1. What happens in the bitcoin network when two miners solve a block at the same time?
Both miners will propagate their new blockchain through the entire network resulting in different sections of the blockchain network nodes tracking/replicating competing blockchain solutions.
Both solutions will exist within the network until the next block is appended to the blockchain resulting in one of the two competing blockchains growing in length with respect to the other.
Once one of the two competing blockchains is longer than the other blockchain record all nodes within in the blockchain network will track this new longer blockchain resulting in the node releasing their original blockchain ledger. Released blockchains are termed “stale blocks” or “orphaned blocks” with the transactions recorded within these blockchain returning to the mempool for later processing onto to end of the newly formed blockchain.
2. What is a stale block?
A “stale block” is a previously hashed block containing UTXOs which were not incorporated within the blockchain ledger. These released UTXOs are returned to the mempool for later processing within a new block to be added to the end of the blockchain.
3. How do stale blocks occur?
Two or more miners propagate their blockchain through the network resulting in different nodes of the blockchain network tracking/replicating competing blockchain solutions.
These competing blockchain ledgers will coexist within the network until the next block is appended to the blockchain ledger at which point one of the two competing blockchains will grow in length with respect to the other. Once the blockchain length is increased all network nodes will resort to tracking the new longer blockchain resulting in “stale blocks” (incomplete blockchains) being released by network. The resulting released UTXOs return to the mempool so that these UTXOs can be correctly appended to the longest blockchain ledger.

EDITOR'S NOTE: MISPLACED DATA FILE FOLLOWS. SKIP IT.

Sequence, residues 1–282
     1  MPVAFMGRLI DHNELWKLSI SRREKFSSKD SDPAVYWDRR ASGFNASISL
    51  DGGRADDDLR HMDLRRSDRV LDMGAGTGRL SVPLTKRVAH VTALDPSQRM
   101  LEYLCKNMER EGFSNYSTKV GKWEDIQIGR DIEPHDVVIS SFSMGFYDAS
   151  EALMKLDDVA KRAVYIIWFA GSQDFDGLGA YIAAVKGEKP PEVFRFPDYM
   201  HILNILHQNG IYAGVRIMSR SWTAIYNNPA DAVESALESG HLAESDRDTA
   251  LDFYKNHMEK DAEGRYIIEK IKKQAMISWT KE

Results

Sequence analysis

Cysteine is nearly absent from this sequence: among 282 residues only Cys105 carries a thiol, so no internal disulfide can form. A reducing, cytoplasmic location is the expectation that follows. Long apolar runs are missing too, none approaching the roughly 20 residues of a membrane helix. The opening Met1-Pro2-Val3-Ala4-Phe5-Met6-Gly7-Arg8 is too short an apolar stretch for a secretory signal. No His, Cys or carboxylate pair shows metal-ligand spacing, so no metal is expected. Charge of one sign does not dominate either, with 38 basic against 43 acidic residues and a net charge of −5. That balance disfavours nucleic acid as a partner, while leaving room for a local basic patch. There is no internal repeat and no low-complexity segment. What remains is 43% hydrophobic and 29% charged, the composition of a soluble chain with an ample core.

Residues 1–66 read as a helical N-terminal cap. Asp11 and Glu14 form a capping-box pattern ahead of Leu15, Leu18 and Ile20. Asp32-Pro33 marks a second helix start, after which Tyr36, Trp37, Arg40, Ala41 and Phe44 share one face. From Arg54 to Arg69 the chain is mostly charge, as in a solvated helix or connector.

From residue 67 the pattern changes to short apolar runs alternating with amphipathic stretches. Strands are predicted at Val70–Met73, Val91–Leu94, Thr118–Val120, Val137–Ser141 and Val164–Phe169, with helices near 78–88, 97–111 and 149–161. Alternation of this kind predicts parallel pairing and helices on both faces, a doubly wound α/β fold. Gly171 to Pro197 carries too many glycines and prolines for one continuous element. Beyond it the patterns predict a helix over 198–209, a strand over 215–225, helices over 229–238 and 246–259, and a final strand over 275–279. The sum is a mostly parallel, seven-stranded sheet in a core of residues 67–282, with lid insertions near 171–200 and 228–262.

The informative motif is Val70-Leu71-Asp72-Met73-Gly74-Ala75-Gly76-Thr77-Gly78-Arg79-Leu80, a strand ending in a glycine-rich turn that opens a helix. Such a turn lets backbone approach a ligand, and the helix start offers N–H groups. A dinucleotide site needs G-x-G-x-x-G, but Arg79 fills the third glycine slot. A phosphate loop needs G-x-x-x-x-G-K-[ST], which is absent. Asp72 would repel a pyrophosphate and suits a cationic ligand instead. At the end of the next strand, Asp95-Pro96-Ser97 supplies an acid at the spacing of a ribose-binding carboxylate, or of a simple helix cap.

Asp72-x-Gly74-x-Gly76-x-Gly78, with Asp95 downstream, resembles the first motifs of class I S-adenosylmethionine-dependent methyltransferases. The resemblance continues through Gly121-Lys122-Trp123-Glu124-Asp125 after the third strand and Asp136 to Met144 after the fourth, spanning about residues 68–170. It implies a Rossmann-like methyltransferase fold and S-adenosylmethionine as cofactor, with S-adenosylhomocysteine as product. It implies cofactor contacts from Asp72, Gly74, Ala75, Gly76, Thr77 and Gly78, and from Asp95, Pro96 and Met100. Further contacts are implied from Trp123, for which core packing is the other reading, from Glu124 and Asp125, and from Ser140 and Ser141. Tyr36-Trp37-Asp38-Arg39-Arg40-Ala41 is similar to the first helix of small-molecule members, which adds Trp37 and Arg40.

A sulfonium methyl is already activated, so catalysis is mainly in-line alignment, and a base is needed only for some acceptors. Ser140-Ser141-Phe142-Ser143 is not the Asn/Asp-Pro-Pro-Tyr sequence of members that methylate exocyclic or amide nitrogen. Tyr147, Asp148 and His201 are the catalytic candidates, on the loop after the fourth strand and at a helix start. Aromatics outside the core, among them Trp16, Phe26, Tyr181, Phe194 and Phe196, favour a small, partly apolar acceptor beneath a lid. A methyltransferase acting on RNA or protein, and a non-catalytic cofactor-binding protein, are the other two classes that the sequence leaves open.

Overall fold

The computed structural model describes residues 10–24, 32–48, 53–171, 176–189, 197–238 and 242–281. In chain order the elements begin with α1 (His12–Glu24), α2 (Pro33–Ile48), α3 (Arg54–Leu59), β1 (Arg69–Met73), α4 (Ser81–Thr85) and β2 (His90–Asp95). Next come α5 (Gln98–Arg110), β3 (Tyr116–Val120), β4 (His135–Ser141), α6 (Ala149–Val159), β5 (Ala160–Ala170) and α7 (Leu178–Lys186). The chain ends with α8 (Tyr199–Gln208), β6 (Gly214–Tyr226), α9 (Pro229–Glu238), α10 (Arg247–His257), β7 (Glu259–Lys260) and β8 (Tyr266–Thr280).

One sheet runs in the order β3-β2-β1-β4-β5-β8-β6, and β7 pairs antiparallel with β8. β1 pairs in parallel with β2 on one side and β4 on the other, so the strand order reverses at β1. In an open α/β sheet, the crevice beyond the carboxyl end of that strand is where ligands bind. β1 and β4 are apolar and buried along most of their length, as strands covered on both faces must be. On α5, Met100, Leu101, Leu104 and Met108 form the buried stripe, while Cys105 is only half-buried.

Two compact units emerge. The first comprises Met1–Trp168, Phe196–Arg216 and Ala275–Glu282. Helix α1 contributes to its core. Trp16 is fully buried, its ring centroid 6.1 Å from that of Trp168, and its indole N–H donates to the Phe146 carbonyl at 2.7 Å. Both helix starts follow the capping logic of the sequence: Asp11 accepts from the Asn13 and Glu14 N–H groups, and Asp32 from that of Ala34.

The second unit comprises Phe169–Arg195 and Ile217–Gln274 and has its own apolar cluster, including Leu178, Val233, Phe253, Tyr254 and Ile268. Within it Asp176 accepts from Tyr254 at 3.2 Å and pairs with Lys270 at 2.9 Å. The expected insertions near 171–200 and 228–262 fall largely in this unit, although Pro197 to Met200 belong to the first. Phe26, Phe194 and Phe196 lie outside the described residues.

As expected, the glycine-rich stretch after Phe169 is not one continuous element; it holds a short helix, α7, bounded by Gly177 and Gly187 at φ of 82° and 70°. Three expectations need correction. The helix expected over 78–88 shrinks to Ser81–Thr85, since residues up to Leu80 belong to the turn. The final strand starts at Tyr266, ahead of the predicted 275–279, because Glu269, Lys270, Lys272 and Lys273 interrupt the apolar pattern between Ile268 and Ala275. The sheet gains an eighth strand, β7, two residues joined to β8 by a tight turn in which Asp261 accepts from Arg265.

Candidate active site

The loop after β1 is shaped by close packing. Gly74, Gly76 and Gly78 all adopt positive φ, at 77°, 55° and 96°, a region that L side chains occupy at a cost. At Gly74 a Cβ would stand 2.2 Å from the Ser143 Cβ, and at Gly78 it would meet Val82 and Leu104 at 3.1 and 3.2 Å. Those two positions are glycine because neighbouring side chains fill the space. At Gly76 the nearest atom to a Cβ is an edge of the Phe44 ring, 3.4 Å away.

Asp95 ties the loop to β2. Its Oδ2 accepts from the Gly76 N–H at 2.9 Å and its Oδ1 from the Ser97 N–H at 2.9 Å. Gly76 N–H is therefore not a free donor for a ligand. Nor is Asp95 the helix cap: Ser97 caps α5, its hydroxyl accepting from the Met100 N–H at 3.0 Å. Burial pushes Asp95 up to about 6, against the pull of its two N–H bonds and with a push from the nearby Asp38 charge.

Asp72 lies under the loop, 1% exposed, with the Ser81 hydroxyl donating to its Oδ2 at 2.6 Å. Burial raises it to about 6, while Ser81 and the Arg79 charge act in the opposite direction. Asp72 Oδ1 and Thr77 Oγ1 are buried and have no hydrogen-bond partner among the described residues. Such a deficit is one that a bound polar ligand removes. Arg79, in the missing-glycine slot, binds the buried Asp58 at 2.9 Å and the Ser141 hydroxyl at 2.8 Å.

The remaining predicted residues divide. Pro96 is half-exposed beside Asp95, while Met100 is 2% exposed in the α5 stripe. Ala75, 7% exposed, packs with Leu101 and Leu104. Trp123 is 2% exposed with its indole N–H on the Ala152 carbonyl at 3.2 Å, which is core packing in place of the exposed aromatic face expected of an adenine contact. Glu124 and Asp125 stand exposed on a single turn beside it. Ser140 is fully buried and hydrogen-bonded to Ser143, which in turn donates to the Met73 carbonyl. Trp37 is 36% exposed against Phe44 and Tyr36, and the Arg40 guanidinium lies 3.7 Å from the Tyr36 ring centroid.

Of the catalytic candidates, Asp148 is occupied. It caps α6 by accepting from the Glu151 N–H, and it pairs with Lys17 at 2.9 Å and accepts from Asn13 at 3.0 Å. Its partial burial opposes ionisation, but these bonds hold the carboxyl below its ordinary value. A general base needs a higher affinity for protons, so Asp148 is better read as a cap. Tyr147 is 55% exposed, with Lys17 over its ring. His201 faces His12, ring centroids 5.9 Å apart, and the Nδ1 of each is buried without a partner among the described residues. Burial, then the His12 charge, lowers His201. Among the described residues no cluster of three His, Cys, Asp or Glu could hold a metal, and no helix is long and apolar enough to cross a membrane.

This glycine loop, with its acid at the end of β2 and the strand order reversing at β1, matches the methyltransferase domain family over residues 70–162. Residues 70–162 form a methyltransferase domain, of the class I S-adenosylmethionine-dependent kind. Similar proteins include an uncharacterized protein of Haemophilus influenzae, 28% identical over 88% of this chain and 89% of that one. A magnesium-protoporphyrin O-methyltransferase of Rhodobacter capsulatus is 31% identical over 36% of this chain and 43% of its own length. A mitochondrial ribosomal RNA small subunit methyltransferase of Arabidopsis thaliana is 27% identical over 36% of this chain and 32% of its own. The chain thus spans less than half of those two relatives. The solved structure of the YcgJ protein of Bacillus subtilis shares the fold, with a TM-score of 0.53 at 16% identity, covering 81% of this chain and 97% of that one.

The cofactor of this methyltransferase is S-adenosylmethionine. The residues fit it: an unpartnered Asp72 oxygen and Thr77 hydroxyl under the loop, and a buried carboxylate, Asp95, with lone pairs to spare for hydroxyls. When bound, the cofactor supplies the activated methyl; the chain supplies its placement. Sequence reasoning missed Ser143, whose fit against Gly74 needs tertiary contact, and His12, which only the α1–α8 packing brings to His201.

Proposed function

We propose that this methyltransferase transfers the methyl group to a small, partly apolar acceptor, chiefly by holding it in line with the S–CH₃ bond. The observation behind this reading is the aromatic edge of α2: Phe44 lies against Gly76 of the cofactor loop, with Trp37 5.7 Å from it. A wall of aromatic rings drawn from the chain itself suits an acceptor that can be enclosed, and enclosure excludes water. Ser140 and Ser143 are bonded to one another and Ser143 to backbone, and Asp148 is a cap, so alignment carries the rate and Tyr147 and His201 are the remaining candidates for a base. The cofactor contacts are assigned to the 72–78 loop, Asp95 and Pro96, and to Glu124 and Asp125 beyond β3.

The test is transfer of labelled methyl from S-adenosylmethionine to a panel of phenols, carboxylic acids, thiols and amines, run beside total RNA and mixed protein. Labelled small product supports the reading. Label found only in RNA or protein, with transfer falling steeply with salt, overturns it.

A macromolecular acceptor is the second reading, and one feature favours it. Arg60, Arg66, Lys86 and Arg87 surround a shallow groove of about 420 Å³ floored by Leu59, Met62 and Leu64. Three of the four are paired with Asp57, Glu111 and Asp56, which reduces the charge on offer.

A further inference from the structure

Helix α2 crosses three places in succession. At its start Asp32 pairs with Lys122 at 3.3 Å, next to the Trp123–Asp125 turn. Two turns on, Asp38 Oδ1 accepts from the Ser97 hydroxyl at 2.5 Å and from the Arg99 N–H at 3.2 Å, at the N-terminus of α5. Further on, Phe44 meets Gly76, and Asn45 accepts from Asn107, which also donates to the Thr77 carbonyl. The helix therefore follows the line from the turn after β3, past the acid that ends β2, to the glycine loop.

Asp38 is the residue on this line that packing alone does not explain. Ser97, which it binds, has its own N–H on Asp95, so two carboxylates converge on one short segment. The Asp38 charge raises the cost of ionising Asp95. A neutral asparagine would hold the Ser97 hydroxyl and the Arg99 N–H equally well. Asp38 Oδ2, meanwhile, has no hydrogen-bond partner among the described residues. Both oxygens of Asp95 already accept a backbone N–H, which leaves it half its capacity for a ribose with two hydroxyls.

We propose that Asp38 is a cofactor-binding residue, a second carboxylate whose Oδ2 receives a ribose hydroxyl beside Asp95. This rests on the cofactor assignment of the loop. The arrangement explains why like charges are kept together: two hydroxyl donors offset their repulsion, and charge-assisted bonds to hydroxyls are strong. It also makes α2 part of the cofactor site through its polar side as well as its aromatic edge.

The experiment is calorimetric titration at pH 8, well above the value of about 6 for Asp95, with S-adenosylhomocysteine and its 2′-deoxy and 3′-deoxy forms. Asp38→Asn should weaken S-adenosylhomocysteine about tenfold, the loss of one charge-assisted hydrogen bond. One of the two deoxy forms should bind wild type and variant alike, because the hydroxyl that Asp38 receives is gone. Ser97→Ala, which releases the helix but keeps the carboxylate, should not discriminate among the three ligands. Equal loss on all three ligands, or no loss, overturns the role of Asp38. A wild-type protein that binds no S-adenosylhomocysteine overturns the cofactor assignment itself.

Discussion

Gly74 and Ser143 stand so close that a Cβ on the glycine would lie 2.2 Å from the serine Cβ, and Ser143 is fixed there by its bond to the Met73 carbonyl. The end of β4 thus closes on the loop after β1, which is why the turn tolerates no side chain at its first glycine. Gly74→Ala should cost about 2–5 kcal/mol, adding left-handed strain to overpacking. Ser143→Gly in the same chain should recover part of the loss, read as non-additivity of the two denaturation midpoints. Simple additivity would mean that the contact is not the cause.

4. Why is it important to wait for more than one block to be confirmed when sending or receiving a transaction?
The blockchain network automatically adjusts the target difficulty (target number) to ensure the time taken to produce a newly hash block is maintained at 10 minutes. The value of the target number is inversely proportional to the number of miners competing within the network.
By maintaining the time taken to produce new hashed blocks to 10 minutes the number of competing blocks released to the blockchain ledger by competing miners is limited/restricted reducing the probability of coincident blockchains occuring at the same time. Also the time taken to resolve competing blockchain ledgers, and thus forming multiple coincident stale blocks, is reduced since all network nodes refresh their blockchain ledger every 10 minutes.
By waiting for the blockchain ledger to growth by 6 blocks 60 minutes have elapsed reducing the probability that your blockchain transaction was include included within a stale block and not confirmed.